“Now,” said Mr. French–“You boys can’t talk Spanish and it is not very likely you will be able to get any help. Now I say, you boys turn back and go with me and I will give you the best I have, I will let you have a yoke of gentle oxen, or more if you need them, and plenty of beans, which are good food for I live on them; besides this I can give an Indian guide to help you back. Will that do?” After a moment we said we doubted if oxen could be got over the road, and if they were fat now they would soon get poor, and perhaps not stand it as well as the oxen which had became used to that kind of life, and of those they had in camp all they needed. We wanted to get something for the women and children to ride, for we knew they must abandon the wagons, and could not walk so far over that dry, rough country. “Well,” said Mr. French:–“I will stop at the place you were this morning–I know them well–and they are good folks, and I am sure when I tell them what you want they will help you if they possibly can. This looks to me to be the most sensible course.” After talking an hour our two companions advised us that the proposition of Mr. French seemed the most reasonable one that appeared. But for us to go clear back to his range would take up so much valuable time that we were almost afraid of the delay which might mean the destruction of our friends. French said he had a pack saddle, with him taking it home, and we could put it on one of our horses, and when we came back to Los Angeles could leave it at a certain saloon or place he named and tell them it belonged to him and to keep it for him. I have forgotten the name of the man who kept the saloon. We agreed to this, and bidding our two companions farewell, we turned back again with Mr. French.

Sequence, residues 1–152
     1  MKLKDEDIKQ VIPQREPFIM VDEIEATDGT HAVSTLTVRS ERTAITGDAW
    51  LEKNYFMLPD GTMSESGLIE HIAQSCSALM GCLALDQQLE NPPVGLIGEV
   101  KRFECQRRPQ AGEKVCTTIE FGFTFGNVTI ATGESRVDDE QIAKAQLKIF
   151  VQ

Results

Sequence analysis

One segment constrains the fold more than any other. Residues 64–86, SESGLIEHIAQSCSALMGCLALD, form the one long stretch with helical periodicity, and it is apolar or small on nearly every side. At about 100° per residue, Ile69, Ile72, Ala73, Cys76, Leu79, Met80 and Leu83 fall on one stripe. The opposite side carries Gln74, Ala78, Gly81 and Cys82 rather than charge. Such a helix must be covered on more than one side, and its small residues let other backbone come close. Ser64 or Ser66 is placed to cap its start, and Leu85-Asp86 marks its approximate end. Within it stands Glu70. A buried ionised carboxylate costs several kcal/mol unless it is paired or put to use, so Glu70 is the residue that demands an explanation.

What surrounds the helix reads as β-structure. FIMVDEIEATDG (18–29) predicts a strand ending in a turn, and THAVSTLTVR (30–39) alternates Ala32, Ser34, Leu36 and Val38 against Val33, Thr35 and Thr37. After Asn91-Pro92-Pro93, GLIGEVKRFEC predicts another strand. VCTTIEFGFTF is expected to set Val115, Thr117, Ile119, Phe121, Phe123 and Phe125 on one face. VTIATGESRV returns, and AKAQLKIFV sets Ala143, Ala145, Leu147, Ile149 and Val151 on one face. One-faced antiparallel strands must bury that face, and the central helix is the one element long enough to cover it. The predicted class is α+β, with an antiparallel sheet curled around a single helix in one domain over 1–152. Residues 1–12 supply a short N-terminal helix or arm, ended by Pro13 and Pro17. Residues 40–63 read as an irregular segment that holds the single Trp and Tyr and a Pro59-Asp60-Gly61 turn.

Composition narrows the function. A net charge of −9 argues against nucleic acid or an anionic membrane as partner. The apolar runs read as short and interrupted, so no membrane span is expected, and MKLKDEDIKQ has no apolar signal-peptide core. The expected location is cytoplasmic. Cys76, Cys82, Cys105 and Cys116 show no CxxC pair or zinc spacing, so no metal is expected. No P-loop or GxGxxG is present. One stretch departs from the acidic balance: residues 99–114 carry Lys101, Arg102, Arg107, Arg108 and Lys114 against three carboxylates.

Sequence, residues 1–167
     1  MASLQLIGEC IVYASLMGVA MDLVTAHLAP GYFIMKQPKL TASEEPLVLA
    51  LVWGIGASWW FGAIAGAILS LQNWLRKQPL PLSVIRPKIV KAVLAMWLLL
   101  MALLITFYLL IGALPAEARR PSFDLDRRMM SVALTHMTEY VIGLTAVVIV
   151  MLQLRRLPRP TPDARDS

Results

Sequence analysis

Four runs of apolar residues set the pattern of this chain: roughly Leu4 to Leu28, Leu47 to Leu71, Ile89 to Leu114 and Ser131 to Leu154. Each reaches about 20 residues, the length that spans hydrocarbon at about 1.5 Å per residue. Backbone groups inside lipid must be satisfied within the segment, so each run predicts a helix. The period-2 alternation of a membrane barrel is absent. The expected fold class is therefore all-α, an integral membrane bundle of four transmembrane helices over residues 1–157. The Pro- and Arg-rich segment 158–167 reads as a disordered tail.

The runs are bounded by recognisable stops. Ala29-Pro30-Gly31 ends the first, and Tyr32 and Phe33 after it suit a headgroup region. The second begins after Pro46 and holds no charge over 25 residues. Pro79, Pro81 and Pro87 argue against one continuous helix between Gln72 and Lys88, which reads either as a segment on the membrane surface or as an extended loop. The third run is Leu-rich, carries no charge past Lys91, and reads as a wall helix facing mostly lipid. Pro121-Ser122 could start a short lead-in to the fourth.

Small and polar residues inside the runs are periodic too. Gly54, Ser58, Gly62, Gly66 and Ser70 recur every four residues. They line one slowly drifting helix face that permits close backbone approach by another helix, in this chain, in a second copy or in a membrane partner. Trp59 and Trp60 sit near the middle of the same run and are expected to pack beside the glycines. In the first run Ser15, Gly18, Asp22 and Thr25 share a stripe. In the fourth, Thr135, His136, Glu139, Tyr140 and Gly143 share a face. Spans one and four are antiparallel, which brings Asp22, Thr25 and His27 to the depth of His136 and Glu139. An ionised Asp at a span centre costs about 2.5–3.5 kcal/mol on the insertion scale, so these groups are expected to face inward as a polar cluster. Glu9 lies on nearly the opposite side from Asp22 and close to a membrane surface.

When night came we were again at the Mission we had passed on the way down. We were kindly treated here, for I believe Mr. French told them about us. They sent an Indian to take our horses, and we sat down beside the great house. There were many smaller houses, and quite a large piece of ground fenced in by an adobe wall. The roof of the buildings was like that of our own buildings in having eaves on both, sides, but the covering was of semi circular tiles made and burned like brick. Rows of these were placed close together, the hollow sides up, and then another course over the joints, placed with the round side up, which made a roof that was perfectly waterproof, but must have been very heavy. These tiles were about two feet long. All the surroundings, and general make up of the place were new to us and very wonderful. They gave us good dried meat to eat and let us sleep in the big house on the floor, which was as hard as granite, and we turned over a great many times before daylight, and were glad when morning came. We offered to pay them, but they would take nothing from us, and we left leading our horses over the steep mountain, and reaching the house again late in the day. They turned our horses loose and seemed disposed to be very friendly and disposed to do for us what they could.